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Helmet Use when Cycling
The League of American Bicyclists reiterates its longstanding position encouraging bicyclists to wear helmets and strongly recommends the wearing of helmets that (a) are properly fitted to the rider and (b) meet the bicycle helmet standards of either the U.S. Consumer Product Safety Commission, the American Society of Testing and Materials, or the Snell Memorial Foundation.
The League recommends that cyclists frequently check their helmets for wear and damage, and replace the helmets every few years and/or in the event of a crash, in accordance with manufacturers' recommendations.
The League recommends that all of its affiliated bicycle clubs encourage their members and other bicyclists who participate in club rides to wear such helmets.
A child carrier or trailer to transport a small (non-pedaling) child as a passenger should include a retention device and protection against the child’s being injured by the moving parts of the bicycle or trailer. In order to foster innovation in such equipment, any restrictions on the minimum age and weight of children who may be transported using such equipment should be written into product instructions and warnings, not into laws.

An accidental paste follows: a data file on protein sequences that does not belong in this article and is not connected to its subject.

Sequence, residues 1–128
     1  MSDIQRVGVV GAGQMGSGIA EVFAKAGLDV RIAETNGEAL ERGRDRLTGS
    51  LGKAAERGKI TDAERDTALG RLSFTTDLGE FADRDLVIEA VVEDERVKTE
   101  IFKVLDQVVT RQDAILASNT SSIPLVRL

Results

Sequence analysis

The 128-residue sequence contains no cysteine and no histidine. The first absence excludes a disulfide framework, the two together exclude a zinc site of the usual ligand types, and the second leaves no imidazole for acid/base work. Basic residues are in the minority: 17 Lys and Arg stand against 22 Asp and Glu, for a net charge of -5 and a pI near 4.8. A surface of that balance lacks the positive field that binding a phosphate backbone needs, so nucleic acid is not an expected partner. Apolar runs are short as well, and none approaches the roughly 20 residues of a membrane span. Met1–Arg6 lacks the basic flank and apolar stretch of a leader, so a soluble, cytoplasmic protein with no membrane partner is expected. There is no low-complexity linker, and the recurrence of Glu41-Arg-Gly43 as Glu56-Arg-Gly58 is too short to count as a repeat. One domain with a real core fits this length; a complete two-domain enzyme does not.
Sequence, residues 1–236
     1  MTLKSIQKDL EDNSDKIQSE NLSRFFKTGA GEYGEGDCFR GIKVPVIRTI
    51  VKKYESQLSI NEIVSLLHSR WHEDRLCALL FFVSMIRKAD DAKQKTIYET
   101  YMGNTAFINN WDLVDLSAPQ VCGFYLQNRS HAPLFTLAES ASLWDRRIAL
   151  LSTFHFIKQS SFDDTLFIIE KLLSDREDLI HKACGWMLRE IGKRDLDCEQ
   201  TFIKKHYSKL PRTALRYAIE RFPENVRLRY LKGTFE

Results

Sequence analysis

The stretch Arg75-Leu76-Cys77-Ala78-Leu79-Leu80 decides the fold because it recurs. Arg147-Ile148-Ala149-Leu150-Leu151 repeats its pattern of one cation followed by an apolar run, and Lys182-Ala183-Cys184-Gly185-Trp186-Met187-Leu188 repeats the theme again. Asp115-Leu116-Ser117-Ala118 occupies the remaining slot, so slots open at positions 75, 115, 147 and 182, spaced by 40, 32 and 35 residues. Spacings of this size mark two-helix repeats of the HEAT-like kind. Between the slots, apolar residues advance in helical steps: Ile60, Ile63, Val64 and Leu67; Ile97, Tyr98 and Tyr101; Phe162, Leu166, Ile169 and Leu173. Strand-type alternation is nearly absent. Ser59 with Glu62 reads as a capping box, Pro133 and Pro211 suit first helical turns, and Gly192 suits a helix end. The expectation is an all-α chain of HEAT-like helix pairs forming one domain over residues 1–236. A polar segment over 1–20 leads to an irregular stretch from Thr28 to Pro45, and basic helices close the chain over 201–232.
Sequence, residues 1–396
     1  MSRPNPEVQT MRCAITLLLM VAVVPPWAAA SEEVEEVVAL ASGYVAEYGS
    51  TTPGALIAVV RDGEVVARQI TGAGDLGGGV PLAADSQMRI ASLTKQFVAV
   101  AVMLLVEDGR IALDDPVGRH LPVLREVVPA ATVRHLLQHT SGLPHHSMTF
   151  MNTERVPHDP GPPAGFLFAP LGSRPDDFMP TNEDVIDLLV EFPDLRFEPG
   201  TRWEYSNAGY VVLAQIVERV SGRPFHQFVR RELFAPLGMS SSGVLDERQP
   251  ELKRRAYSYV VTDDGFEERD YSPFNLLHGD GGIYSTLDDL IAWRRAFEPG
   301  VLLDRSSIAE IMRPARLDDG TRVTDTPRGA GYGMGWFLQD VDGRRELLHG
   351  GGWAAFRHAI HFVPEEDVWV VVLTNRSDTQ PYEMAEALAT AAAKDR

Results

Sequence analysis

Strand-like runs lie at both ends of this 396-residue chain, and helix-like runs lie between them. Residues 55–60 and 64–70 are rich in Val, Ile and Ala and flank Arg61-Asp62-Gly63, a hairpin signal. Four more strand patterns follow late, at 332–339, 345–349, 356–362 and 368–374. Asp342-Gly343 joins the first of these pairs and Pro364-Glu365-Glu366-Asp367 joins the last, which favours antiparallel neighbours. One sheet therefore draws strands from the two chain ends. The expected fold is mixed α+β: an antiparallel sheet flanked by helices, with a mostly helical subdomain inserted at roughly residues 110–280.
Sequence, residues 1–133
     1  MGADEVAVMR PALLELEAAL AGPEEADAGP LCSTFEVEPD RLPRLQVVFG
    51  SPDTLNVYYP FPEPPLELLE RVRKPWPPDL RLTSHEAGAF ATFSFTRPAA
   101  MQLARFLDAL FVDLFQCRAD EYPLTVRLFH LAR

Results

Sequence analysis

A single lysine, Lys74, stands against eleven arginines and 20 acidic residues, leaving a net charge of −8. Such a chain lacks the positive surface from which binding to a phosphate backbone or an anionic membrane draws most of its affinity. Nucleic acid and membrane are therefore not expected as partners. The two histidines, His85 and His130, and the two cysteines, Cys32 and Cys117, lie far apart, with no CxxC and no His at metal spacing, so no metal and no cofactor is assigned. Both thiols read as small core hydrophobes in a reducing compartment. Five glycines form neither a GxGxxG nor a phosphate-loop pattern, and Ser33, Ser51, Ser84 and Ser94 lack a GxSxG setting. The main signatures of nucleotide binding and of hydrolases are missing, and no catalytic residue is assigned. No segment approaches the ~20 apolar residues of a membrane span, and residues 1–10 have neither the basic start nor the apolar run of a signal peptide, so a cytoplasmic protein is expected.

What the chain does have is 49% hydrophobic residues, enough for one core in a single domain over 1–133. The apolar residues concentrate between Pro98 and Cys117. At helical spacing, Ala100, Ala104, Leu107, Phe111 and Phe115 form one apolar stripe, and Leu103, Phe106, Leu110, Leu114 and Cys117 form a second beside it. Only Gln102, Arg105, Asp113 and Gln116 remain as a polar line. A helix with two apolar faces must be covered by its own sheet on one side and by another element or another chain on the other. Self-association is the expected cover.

In states retaining the rule of contributory negligence, protective equipment laws should include a provision to the effect that failure to use such equipment shall not be admissible as evidence of negligence in a court of law.
Controlled studies have shown that a rider not wearing a helmet is between two and three times more likely to suffer a head injury in a crash than is a helmet wearer. The League has encouraged the wearing of helmets via its publications and its education program for many years. Since 1991 the League has required participants in League-sponsored events to wear helmets.
Surveys have shown that 75% to 81% of League members always wear helmets when they ride, and another 9 to 13% wear them most of the time.
Helmets are safety devices which prevent or mitigate head injuries in a crash or fall, not substitutes for education which is aimed at the prevention of crashes and falls.
Properly-designed child carriers (child seats, trailers, etc) make bicycling practical for family transportation, and innovation in such products should be encouraged.
(Approved by the Board of Directors, December 1985 and amended July, 1990, December, 1990, November 2000 and March 2005)